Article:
3. I can guarantee that if Ammon Bundy continues to use scripture to support what he is doing, contrary to the Chirch telling him to stop then he will face disciplinary action. The Church gives people plenty of time to consider their actions and take time to repent when they have been censored, if they choose to do so. If they do not, then there naturally have to be consequences.
    C’mon, you can’t tell me that if an employee of smugmug started misrepresenting smugmug and its business mission and then started trying to smear its reputation with clients or in advertising or on social media that that employee would not be summarily terminated. And you probably wouldn’t even give him a second chance. Why the Church is supposed to take any and all members, even when what they are doing is to either foment dissension or agitate for change of doctrine does not make sense, just like keeping on an employee who is trying to undermine his employer.
    If, as you have stated, Ammon Bundy has broken laws in what he is doing, then it is up to the gov’t to handle it, not the Church. They have condemned what he is doing, but they are not going to excommunicate him unless he refuses to stop using scripture to support what he is doing.
    While I, in no way, support what Ammon is doing, I can understand what is driving him to it- the gov’t has WAY over reached their authority in taking away states’ lands and putting them under federal jurisdiction and then being very heavy handed about grazing rights and supposed environmental impacts. States are supposed to have more rights than the fed gov’t. That is what our Founding Fathers argued about and what they came up with to make sure the fed gov’t didn’t become too powerful. That concept has been slowly eroding over the years but seems to happen more when Dems are in office. States are supposed to have the final say about lands within their boundaries, but this is not the case. And when you are one little rancher, or small group of ranchers it can be very frustrating when the gov’t you pay taxes to does everything they can to take away your rights. So, while breaking the law is not the best way to go about it, when you have tried all the legal means to get the Feds to listen and you continue to be either ignored, or worse , marginalized and more of your rights taken away, then sometimes desperate times demand desperate measures. I’m sure the Feds are hearing Ammon Bundy loud and clear now.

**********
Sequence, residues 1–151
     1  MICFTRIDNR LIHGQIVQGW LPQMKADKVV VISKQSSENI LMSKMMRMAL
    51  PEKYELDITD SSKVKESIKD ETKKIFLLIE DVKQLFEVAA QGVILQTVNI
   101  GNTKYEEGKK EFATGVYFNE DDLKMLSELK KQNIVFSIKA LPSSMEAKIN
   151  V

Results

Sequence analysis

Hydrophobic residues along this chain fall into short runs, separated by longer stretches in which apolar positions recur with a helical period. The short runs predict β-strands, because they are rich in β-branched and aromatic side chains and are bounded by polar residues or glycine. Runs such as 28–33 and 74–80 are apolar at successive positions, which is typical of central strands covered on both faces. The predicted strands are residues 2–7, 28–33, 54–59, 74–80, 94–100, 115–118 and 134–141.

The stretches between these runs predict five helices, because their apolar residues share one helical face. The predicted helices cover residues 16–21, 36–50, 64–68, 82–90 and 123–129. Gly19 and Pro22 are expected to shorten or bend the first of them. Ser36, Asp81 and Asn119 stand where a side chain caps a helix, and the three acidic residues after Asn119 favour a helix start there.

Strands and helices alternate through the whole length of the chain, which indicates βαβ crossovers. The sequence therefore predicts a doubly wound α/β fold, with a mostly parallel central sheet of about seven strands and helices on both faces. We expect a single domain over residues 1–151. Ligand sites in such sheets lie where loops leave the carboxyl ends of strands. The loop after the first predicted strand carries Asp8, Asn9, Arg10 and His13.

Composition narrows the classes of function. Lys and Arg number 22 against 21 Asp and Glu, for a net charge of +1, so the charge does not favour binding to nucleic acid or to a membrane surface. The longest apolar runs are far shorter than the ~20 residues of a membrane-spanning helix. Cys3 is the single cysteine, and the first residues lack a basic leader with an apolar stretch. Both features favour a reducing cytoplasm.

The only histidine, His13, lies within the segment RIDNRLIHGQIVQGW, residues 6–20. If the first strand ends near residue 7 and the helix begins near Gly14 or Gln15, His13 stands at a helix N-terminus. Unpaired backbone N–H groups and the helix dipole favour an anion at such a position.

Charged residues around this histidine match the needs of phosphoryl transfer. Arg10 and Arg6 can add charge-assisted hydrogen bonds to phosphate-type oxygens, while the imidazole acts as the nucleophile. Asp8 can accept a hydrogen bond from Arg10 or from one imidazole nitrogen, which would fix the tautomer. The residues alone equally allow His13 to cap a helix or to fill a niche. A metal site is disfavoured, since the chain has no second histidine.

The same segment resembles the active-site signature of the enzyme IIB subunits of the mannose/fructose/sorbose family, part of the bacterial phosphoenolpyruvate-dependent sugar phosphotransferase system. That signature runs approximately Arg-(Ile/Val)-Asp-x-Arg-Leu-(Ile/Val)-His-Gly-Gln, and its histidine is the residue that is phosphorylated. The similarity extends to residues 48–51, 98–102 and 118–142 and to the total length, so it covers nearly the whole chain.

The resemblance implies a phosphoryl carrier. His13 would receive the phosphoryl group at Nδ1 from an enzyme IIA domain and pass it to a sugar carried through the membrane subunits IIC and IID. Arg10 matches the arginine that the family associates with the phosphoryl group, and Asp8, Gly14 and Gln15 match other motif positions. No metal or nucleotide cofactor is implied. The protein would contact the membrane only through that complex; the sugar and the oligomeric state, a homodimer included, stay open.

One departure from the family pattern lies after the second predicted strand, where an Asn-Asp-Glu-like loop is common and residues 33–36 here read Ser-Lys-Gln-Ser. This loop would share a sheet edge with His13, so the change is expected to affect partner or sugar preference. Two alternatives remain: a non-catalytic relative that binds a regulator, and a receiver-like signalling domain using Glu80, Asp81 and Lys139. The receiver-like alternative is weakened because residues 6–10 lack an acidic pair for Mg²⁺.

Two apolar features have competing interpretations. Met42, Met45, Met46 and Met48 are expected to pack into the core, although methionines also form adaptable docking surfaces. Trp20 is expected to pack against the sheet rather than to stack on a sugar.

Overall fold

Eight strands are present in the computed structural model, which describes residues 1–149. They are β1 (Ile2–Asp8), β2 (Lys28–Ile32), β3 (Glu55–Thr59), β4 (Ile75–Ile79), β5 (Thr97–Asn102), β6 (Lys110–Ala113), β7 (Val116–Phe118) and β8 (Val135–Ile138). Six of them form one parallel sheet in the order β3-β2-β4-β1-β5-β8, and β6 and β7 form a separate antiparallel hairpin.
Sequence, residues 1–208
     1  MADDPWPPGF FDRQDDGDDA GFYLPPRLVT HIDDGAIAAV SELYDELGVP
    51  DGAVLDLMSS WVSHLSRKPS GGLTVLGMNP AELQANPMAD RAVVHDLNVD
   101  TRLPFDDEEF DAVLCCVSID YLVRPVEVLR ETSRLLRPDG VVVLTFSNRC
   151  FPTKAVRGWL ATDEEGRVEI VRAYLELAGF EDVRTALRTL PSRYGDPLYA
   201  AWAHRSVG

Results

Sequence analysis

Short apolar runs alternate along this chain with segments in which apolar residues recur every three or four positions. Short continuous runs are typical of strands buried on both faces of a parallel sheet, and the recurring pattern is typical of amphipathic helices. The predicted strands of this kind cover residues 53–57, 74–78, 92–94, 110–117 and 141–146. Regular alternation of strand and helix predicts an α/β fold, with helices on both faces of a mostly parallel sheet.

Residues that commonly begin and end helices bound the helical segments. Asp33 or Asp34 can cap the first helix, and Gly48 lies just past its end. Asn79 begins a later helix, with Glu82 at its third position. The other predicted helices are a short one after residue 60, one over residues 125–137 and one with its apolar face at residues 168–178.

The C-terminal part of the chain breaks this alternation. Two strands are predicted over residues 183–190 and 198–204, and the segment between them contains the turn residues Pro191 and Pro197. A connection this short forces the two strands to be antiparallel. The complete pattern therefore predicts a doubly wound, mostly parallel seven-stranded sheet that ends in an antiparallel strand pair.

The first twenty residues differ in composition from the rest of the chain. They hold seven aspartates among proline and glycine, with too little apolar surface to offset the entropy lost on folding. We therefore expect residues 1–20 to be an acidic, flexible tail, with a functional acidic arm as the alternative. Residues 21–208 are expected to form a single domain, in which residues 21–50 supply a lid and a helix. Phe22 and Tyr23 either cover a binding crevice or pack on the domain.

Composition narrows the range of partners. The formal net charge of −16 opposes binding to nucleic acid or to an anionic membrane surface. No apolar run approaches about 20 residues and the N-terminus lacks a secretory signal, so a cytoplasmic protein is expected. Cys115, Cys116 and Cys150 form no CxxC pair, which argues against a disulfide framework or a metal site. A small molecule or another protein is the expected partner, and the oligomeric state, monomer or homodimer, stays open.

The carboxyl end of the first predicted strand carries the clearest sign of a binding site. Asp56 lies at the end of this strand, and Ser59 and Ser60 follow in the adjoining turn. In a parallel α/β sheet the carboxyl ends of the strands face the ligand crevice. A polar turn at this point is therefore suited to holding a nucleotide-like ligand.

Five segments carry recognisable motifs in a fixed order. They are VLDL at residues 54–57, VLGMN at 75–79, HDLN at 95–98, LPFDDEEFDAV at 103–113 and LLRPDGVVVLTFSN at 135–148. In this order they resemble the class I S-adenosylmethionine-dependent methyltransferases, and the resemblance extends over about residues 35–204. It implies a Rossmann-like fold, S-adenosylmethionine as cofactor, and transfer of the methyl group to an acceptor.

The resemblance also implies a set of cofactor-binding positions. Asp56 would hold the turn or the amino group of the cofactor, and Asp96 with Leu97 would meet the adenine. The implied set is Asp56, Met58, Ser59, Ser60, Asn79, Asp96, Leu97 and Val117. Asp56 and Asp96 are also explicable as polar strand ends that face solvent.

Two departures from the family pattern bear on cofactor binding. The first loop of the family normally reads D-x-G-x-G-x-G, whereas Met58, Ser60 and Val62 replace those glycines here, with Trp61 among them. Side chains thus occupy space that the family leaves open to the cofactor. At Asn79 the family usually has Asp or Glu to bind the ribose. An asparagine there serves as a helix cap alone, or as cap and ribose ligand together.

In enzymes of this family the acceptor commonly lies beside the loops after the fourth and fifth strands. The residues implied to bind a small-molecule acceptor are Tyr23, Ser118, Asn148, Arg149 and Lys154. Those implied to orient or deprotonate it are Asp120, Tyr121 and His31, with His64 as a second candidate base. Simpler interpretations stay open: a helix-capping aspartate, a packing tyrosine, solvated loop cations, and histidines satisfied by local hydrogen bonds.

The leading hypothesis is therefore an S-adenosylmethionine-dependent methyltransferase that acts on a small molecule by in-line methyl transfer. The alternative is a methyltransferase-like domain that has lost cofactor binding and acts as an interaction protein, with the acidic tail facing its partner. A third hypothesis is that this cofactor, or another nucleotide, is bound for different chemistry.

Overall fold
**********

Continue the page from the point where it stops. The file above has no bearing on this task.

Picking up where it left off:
• This is a joke, right? You can’t be serious.

      John Dehlin, Kate Kelly, D. Michael Quinn, Rock Waterman, and the rest were not church employees! They weren’t even unpaid volunteers. They were volunteers who continually paid a significant portion of their income to be members of your church. So if you want to use an analogy, try a customer instead of an employee. My company would never cancel the account of a customer simply because the customer was complaining online. We field countless such complaints on a regular basis. We certainly don’t just boot them off the service!

      “If, as you have stated, Ammon Bundy has broken laws in what he is doing, then it is up to the gov’t to handle it, not the Church. They have condemned what he is doing, but they are not going to excommunicate him unless he refuses to stop using scripture to support what he is doing.”

      Maybe your church should eliminate Article of Faith 12? And if they’re going to excommunicate people who legally marry each other simply because they have the same gender, maybe they should also kick out domestic terrorists?

      As for the government side of things, you should do a little bit of reading about the supposed plight of the ranchers. So let’s look at the main points here:
      – Ranchers get a massive discount grazing on federal land versus private land.
      – The Bundys have nothing to do with the land in Oregon they are illegally occupying.
      – The two arsonists don’t want anything to do with the Bundys and their protest.
      – The ranchers never owned the land they are protesting about. The government didn’t take anything from them.
      – We have a judicial system to determine what is legal and illegal, not a bunch of militiamen. And the judicial system has consistently sided with the federal government on this issue. Article 4, Section 3, Clause 2 clearly gives the federal government the right to manage the land as they see fit.
      – Breaking the law and threatening deadly violence against federal agents is not a good way to protest something
      – If you had woken up a week ago to this headline: “Heavily armed group of Muslims take control of federal building and threaten to kill federal agents” you would have been outraged instead of sympathetic. Your hypocrisy here is incredible.